Johannes Player Spinet

 Johanness Player Spinet  1741.

John Player was a virginal, spinet and harpsichord maker in London.  Born c 1634, he became a freeman and later master of the Joiners' Company, and died probably in the first decade of the 18th century. On trestles, bought from Sotheby's, 1966. Note the fine name-plate inset Johannes Player fecit,  four and a half octave span, two of the bass notes halved to allow for quarter-tones. The London craftsman John Player was known to have experimented with quarter-tone keys. [This discovery was lost for hundreds of years, until quite recently when a quarter-tone piano was hailed as a "modern" discovery, Pretoria News, 10.3.69]  Only four other of his instruments have so far been traced.  One is in the Victoria and Albert Museum, another in Washington.  The spinet here, beautifully inlaid with carnation and tulip design, already has in miniature the shape of grand pianos to come. (RDM, 27.9.66)

Information from Boalch: 11 listed  This instrument is probably the one on p. 121 listed as number 8, sold by Sotheby, 4.7.1966
Type: Wing spinet
signed on jackrail: Johannes Payer fecit,  exterior of case, plain wood, length 1511 mm
Nameboard inlaid with tulips and carnations issuing from foliate cornucopias.  Compass is lacking GG# and AA# but having split C# and D# in octave above.  Arcaded naturals.  Walnut case.
Sold at Sotheby's  in 1966

1 comment:

  1. It seems very likely that the description of this spinet's split keys in its lowest octave actually conflates two distinct though superficially similar-appearing practices.

    Broken-octave (or the similar short-octave) keyboards used a mixture of reassigned pitches and split sharp keys to provide the bass notes that would be required in a given piece. This allowed construction of a slightly smaller instrument than would be needed to accommodate a fully chromatic bass octave. Typical tuning might be E playing C, the front half of the F♯key playing D; the (less accessible) rear half of the F# actually played F♯. The front half of the G♯ key would play E, and the rear half, G♯. Individual notes could be retuned as needed for particular pieces.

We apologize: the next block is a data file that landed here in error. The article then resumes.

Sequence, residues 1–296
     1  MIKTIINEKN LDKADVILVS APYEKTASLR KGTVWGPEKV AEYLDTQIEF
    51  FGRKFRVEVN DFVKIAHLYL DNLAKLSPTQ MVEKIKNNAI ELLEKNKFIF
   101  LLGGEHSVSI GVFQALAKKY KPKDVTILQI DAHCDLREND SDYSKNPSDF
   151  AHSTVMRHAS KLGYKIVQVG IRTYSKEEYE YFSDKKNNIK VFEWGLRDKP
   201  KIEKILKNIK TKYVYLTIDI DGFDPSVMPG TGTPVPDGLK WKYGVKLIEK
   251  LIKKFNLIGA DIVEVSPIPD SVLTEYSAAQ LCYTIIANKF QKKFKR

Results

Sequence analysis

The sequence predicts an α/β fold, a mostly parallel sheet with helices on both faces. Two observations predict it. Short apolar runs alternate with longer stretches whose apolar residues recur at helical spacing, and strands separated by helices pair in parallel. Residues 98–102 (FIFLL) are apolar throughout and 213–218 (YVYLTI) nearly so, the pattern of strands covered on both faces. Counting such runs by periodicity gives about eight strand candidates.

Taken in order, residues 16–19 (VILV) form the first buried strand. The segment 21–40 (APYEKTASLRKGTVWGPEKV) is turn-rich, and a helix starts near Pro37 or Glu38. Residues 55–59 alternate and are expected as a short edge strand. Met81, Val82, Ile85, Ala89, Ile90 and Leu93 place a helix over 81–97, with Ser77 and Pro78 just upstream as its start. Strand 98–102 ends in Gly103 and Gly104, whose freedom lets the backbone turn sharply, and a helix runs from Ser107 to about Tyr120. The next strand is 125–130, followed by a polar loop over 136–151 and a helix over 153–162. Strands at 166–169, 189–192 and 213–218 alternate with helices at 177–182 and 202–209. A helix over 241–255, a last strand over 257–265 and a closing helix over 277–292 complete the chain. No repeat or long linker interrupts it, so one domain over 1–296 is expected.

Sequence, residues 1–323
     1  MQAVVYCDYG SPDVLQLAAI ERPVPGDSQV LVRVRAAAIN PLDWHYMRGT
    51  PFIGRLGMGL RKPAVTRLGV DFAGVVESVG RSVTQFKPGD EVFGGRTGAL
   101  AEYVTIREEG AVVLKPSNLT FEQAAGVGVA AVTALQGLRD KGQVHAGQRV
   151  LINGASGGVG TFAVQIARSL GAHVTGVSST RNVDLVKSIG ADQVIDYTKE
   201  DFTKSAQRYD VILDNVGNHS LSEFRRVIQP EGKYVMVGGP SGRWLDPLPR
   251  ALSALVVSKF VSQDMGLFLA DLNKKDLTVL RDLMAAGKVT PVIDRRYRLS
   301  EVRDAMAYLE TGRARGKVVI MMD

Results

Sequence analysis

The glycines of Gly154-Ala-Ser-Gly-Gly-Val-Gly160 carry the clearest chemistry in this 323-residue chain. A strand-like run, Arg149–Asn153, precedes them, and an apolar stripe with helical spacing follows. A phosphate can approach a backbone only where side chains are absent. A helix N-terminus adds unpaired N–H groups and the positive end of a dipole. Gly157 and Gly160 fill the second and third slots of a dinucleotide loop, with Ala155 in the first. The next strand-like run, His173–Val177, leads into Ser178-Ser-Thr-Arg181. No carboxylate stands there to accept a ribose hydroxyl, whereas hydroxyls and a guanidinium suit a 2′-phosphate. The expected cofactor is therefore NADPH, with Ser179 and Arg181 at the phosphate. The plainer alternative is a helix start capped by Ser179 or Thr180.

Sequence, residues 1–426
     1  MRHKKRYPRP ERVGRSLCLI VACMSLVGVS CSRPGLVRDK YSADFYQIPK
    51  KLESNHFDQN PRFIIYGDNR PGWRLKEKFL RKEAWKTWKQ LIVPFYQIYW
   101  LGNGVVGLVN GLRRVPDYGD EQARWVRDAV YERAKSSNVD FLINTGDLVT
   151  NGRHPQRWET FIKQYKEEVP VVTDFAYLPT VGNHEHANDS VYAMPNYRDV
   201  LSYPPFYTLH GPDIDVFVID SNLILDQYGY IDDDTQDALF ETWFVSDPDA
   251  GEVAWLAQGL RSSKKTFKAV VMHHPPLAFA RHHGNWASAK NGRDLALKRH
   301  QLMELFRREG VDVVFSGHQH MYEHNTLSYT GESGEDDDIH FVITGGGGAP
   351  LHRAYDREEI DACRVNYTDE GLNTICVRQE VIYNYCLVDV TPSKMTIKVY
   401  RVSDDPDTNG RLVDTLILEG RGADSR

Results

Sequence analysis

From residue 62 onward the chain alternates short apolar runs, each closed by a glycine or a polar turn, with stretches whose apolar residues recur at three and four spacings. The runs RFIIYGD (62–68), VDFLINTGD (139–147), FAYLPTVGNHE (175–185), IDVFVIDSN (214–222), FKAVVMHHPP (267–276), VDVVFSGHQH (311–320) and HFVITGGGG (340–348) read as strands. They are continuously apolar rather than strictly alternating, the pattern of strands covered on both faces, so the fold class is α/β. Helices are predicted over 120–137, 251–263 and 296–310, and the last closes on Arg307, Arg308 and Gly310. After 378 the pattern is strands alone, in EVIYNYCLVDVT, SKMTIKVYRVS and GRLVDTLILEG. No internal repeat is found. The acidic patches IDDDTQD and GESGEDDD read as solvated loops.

On the other hand, dedicated keys for quarter tones were associated with the sixteenth- and seventeenth-century cimbalo cromatico, which also used split keys but typically had sixteen to nineteen notes (i.e. keys, jacks, and strings) per octave throughout its compass. The split keys are typically d-sharp/e-flat, g-sharp/a-flat and sometimes a-sharp/b-flat. Split keys for all accidentals yields 17 notes per octave. If e-sharp/f-flat and b-sharp/c-flat are added 19 notes per octave are required. There were even instruments proposed that would have had 24 notes per octave. These instruments were built to provide the enharmonic pitches ("quarter tones") that would be necessary to modulate comfortably using mean tone tuning.

    One way to think of the difference between these two systems is economic: broken octave is a way to save labor, space, and money – as would befit a domestic instrument like a spinet. The cimbalo cromatico on the other hand is a sort of extravagance, cutting no corners: it requires more-than-usual materials and labor to construct as well as additional time invested in tuning and maintenance. - Rob Turner